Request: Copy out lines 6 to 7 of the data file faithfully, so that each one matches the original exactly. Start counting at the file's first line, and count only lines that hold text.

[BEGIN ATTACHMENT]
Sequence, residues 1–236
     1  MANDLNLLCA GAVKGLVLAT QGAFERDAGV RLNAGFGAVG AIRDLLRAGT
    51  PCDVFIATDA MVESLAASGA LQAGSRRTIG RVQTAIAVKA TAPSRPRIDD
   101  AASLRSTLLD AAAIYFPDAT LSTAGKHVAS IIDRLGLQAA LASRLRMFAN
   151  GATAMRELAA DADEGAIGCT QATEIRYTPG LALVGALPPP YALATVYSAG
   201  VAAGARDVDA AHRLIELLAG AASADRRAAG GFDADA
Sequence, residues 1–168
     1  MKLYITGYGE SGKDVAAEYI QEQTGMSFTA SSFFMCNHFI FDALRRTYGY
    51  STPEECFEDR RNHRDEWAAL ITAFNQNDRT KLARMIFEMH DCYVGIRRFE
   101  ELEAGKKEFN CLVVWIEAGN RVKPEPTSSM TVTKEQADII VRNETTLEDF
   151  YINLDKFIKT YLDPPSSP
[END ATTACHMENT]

   201  VAAGARDVDA AHRLIELLAG AASADRRAAG GFDADA
Sequence, residues 1–168